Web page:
BEIRUT — A week after calling for a ban on the film "Barbie" in Lebanon, which he accused of "encouraging perversity and gender transformation," caretaker Culture Minister Mohammad Mortada announced on Wednesday that he signed a bill targeting "the promotion of sexual perversion."
The bill comes a few weeks after a previous one signed in July by nine MPs to repeal the article of the penal code that criminalizes what is described as "unnatural relations," an allusion to same-sex relationships. On Tuesday, MP Adib Abdel Massih announced he had decided to withdraw his signature from the bill, citing his religious convictions.
The bill signed by Mortada still has to be approved by the reunited government before being sent to Parliament to be voted on by the General Assembly.
"Lebanon is facing an attack that, if it succeeds, God forbid, will have the worst impact on society and future generations," Mortada said in a statement reported by the state-run National News Agency. In particular, he accused "entities... that work under the guise of non-governmental organizations to promote perversion and sexual reassignment, and present them as natural in accordance with standards of modernity and social progress."
He went on to point out that "Articles 9 and 10 of the Constitution require the state to respect religious values and prohibit any teaching contrary to these moral values" and that "Christianity and Islam condemn sexual perversion that goes against the Creator."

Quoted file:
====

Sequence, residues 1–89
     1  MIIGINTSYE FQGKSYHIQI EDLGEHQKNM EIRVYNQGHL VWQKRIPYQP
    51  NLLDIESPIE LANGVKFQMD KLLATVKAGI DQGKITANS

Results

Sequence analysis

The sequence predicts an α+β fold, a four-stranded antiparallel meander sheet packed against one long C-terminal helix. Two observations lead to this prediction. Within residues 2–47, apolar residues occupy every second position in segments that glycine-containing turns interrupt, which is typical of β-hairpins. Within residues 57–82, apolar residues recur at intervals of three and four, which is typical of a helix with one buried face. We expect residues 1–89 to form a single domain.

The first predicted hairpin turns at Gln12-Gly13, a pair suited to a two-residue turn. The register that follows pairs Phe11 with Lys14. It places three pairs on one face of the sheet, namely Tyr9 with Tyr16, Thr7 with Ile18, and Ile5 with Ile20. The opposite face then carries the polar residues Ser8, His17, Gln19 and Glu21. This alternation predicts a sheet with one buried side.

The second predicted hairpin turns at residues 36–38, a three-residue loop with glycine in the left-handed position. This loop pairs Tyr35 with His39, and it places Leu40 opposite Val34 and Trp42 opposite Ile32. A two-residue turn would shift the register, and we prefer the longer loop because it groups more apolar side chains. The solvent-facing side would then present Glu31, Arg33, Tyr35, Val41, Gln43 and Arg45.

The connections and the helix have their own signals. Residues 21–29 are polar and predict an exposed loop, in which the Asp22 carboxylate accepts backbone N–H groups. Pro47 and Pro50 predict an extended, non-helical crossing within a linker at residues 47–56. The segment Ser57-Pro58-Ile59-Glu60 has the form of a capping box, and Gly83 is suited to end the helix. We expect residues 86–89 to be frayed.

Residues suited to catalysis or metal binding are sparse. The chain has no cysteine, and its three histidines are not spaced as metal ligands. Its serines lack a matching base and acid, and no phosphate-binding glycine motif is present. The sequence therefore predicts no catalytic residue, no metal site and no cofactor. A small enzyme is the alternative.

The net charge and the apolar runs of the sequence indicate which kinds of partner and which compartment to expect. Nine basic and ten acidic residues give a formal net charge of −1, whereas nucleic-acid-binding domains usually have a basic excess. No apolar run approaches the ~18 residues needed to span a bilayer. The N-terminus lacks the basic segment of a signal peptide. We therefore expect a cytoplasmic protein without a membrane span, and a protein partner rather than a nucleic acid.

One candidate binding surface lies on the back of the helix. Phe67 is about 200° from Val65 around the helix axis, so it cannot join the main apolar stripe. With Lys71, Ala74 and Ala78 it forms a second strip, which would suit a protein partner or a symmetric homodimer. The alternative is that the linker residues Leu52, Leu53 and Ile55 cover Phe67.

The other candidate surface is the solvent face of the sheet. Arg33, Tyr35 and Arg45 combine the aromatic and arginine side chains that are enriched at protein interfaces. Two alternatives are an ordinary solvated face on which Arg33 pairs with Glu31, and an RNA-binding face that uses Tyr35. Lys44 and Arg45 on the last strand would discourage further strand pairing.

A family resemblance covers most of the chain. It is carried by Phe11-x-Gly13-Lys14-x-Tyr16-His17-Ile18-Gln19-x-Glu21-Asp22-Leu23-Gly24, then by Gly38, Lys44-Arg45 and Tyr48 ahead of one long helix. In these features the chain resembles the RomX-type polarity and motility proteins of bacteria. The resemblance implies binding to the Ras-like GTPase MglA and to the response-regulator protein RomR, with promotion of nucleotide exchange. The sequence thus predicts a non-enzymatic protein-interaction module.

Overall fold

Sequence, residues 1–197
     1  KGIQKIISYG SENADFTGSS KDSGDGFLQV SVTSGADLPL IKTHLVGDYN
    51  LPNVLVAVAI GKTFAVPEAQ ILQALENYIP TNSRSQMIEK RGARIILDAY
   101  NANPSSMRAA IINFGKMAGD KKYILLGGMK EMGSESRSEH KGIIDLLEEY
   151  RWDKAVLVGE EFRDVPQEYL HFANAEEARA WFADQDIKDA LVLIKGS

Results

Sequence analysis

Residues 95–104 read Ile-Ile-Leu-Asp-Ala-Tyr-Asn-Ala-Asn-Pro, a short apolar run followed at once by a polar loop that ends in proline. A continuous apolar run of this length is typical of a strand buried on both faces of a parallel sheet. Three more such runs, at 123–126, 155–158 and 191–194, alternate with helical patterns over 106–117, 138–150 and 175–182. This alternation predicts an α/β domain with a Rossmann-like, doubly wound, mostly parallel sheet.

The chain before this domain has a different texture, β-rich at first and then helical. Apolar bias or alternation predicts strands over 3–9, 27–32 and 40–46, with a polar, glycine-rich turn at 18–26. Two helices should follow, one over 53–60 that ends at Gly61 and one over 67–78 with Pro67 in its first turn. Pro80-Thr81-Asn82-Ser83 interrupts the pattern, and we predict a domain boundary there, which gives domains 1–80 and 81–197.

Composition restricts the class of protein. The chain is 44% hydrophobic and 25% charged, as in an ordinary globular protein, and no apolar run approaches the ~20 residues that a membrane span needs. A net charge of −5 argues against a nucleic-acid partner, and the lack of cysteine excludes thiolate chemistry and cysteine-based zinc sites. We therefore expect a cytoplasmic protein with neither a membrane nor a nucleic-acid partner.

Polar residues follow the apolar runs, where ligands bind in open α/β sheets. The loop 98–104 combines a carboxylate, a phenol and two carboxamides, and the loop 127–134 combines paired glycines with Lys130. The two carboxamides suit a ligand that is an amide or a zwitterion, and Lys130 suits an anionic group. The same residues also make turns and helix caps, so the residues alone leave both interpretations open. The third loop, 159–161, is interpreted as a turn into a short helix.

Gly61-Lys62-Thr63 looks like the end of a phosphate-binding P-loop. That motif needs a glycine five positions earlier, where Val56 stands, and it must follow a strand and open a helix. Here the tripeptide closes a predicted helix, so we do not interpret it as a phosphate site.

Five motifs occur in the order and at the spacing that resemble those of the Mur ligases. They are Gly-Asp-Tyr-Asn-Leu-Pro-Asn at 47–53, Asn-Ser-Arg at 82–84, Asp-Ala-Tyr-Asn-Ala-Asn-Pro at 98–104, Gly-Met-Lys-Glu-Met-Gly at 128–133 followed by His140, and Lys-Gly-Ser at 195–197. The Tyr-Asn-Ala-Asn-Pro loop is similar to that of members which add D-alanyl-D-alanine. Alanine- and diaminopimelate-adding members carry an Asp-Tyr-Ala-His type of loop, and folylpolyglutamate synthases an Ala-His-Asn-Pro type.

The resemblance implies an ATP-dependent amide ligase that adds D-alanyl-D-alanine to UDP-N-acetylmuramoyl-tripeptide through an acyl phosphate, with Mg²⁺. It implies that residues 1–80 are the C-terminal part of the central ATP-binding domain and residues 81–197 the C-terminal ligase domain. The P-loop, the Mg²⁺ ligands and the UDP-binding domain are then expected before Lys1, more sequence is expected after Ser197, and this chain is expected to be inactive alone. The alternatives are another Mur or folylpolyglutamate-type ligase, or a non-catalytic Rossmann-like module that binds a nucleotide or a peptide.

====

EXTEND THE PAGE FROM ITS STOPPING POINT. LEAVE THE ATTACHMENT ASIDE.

Pope Francis has repeatedly declared that homosexuality is not a crime.
Three years' imprisonment
In Mortada's bill, the first article punishes "any act that favors, explicitly or implicitly, sexual relations against nature, or that encourages or incites them" with a prison sentence of up to three years or a fine of LL500 million.
Article 534 of the Penal Code criminalizes any so-called "unnatural" relationship, punishable by one year's imprisonment and used against LGBTQ+ people.
According to the second article of the bill, "any act which promotes the possibility of changing sex or publishes information aimed at minors which makes them want to change their sex or sexual orientation, will be punishable by up to three years' imprisonment or a fine of five hundred million lira."
The bill also punishes "any act which encourages the sexual abuse of children by any means whatsoever."
The text provides in each article that "if the criminal act is committed by a person in public office, his legal immunity is forfeited, he will be prosecuted, charged and tried and both penalties are doubled."
Mortada vs. Daou
Last Saturday, Mohammad Mortada and Forces of Change MP Marc Daou engaged in a heated debate on a bill signed by Daou and others, aimed at repealing the article of the penal code criminalizing homosexuality.
A former judge with close ties to Hezbollah and the Amal movement, the Minister had once again invoked the two articles of the Lebanese Constitution to justify his position against what he described as "sexual perversion."